On this day:At 17th August of 1982, in Langenhagen near Hanover, Germany began the first mass production of the compact disc. The first title released was ABBA's 'The Visitors'.
A Compact Disc (or CD) is an optical disc used to store digital data, originally developed for storing digital audio. The CD, available on the market since late 1982, remains the standard playback medium for commercial audio recordings to the present day. A standard audio CD consists of from one to 99 stereo tracks stored using 16-bit PCM coding at a sampling rate of 44.1 kHz per channel. Early CDs could hold 74 minutes of stereo sound; 80 minute CDs are now common.
Standard CDs have a diameter of 120 mm and can hold up to 80 minutes of audio. There are also 80 mm discs, sometimes used for CD singles, which can store up to 24 minutes of audio. The technology was later adapted and expanded to include data storage (CD-ROM), write-once audio and data storage (CD-R), rewritable media (CD-RW), SACD, VCD, SVCD, PhotoCD, PictureCD, CD-i, and Enhanced CD.
CD-ROMs and CD-Rs remain widely used technologies in the computer industry. The CD and its extensions have been extremely successful: in 2004, worldwide sales of CD audio, CD-ROM, and CD-R reached about 30 billion discs. By 2007, 200 billion CDs had been sold worldwide.
It was way back in 1974 when a project kickstarted from within the audio industry group at Philips in the Netherlands. The premise was to develop an optical audio disc with superior sound to that of the incumbent vinyl format, and coming in at 20cm, the initial dabblings were far chunkier than the products that eventually went to market.
Fast forward three years to 1977, and the group established a lab with the sole mission of building CDs and players – they opted for the name ‘Compact Disc’ because it was in line with another Philips offering, the compact cassette. Oh, and it was also sheared by 8.5cm in diameter, with the new discs offering awesome audio packed in to a mere 11.5cm.
In 1979, Sony and Philips Consumer Electronics set up a joint task force of engineers to design a new digital audio disc. The task force, led by prominent members Kees Immink and Toshitada Doi, progressed the research into laser technology and optical discs that had been started by Philips in 1977.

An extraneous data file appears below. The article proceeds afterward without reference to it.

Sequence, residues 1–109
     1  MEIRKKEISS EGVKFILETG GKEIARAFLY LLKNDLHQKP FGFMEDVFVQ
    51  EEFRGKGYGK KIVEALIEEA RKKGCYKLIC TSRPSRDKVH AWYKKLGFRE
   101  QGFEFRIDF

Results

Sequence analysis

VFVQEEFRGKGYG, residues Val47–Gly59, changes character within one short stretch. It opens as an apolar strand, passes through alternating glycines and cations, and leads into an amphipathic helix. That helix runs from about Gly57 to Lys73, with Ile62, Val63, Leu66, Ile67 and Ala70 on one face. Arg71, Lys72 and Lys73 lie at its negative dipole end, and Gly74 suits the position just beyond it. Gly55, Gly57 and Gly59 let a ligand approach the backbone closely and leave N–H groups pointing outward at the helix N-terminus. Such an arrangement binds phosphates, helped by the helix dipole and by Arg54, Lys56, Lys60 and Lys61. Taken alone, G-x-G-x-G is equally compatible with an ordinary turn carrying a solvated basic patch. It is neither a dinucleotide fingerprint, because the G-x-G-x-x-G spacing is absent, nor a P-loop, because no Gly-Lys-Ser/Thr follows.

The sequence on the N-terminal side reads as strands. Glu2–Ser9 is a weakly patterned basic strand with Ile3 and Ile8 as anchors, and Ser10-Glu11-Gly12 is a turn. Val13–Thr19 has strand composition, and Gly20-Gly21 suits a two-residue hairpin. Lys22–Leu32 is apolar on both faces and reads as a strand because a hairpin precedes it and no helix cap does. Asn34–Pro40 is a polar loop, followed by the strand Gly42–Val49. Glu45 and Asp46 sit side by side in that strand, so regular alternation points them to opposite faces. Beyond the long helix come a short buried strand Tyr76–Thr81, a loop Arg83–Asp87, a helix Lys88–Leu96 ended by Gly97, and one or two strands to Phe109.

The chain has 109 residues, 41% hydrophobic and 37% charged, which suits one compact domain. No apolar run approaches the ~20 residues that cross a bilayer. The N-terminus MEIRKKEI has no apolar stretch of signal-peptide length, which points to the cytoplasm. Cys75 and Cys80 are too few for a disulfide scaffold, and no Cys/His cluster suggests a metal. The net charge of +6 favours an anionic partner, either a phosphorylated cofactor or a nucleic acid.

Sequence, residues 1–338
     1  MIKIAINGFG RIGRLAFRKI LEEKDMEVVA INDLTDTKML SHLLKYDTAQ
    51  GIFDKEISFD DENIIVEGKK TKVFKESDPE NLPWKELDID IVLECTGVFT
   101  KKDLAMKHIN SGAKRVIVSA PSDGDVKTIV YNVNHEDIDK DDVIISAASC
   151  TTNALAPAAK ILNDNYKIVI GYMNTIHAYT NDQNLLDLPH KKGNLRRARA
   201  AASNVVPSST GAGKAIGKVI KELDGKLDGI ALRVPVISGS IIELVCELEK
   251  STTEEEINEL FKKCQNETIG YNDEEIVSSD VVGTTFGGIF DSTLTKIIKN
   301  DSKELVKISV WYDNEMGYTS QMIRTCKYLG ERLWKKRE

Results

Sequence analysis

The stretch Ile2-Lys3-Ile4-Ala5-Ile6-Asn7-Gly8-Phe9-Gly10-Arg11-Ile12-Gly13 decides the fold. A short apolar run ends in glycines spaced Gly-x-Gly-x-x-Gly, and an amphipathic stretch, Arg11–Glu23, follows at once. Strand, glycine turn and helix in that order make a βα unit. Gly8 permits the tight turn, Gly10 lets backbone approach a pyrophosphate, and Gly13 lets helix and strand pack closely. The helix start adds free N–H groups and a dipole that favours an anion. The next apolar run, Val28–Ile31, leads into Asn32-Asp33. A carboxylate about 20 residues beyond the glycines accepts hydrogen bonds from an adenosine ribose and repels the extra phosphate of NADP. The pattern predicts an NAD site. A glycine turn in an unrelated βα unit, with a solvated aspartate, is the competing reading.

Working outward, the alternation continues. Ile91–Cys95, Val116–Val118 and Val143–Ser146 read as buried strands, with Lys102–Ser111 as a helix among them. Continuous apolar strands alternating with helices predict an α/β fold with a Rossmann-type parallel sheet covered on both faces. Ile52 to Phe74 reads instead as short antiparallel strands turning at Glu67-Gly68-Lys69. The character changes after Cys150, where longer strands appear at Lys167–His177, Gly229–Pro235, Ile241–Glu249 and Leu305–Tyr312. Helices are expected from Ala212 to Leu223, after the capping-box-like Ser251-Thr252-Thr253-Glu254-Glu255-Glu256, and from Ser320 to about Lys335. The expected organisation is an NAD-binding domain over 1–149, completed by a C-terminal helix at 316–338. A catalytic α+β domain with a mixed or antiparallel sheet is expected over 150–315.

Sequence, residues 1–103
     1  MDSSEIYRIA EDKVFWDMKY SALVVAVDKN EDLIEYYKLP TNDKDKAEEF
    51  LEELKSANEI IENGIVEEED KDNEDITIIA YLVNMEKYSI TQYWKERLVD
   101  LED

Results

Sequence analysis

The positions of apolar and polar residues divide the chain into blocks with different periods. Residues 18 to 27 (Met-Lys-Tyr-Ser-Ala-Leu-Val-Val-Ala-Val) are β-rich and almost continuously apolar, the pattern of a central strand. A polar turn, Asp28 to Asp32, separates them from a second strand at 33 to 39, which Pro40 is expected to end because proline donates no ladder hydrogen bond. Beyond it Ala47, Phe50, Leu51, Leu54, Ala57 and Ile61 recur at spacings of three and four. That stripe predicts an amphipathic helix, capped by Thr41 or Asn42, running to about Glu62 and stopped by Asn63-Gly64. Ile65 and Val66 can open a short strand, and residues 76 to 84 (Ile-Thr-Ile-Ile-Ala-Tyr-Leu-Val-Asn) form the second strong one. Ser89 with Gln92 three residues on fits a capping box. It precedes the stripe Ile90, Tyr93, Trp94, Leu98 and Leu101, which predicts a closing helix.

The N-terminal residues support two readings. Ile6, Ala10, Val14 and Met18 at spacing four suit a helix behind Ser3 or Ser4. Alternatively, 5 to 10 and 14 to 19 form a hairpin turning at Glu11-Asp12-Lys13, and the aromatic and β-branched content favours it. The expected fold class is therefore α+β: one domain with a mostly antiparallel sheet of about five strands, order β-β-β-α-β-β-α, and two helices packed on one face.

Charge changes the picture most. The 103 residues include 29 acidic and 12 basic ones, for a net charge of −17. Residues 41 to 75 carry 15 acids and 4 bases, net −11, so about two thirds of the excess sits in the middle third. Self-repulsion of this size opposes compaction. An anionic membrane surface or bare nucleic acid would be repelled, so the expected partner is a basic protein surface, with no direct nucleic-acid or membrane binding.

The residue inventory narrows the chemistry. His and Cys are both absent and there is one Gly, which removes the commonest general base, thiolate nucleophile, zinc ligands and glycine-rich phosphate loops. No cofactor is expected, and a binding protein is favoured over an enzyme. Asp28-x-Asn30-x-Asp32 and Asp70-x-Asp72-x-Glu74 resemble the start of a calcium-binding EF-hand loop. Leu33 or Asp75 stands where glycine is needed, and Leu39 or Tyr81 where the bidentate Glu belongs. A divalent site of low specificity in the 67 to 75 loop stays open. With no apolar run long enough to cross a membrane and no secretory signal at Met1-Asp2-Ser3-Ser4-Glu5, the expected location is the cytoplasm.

After a year of experimentation and discussion, the taskforce produced the Red Book, the Compact Disc standard. Philips contributed the general manufacturing process, based on video LaserDisc technology. Philips also contributed Eight-to-Fourteen Modulation (EFM), which offers both a long playing time and a high resilience against disc defects such as scratches and fingerprints, while Sony contributed the error-correction method, CIRC.
The first Compact Disc for commercial release rolled off the assembly line on August 17, 1982, at a Philips factory in Langenhagen, near Hanover, Germany. The first title released was ABBA's The Visitors (1981). CDs and Sony's CD player CDP-101 reached the market on October 1, 1982 in Japan, and early the following year in the United States and other markets. Sony’s player, which retailed for about $674 at 1982 exchange rates (that’s roughly $1609 in 2015 dollars), launched alongside a group of 50 classical and pop CDs published by CBS Records.
Names like Mozart, Tchaikovsky, and Schubert shared the bill with more modern artists such as Billy Joel, Pink Floyd, and Journey. Each disc cost $14 or $15.25 apiece (about $33 to $36 in 2015 dollars), with the classical discs on the high end. This event is often seen as the "Big Bang" of the digital audio revolution. And the rest, as they say, is history.
The new audio disc was enthusiastically received, especially in the early-adopting classical music and audiophile communities and its handling quality received particular praise. As the price of players sank rapidly, the CD began to gain popularity in the larger popular and rock music markets. The first artist to sell a million copies on CD was Dire Straits, with their 1985 album 'Brothers in Arms.'
The CD was originally thought of as an evolution of the gramophone record, rather than primarily as a data storage medium. Only later did the concept of an "audio file" arise, and the generalising of this to any data file. From its origins as a music format, Compact Disc has grown to encompass other applications. In June 1985, the CD-ROM (read-only memory) and, in 1990, CD-Recordable were introduced, also developed by Sony and Philips.
By the early 2000s, the CD player had largely replaced the audio cassette player as standard equipment in new automobiles, with 2010 being the final model year for any car in the US to have a factory-equipped cassette player. With the increasing popularity of portable digital audio players and solid state music storage, CD players are being phased out of automobiles in favour of minijack auxiliary inputs and connections to USB devices.
What does the future hold for CDs ? Well, they’re on their way out for sure if we’re to believe recent stats, though there may still be a little life left in them yet. CDs are increasingly being replaced by other forms of digital storage and distribution, with the result that audio CD sales rates in the U.S. have dropped about 50% from their peak; however, they remain one of the primary distribution methods for the music industry.
Interestingly, however, Vinyl album sales went through the roof (relatively speaking), with 3.9 million records sold in the US, compared to 2.8 million the previous year. #CD #CompactDisc#Oldschool #Retro#Vintage #TheGoodOldDays#Onthisday #DataStorageFormat #80sMemories #OpticalDisc#90sMemories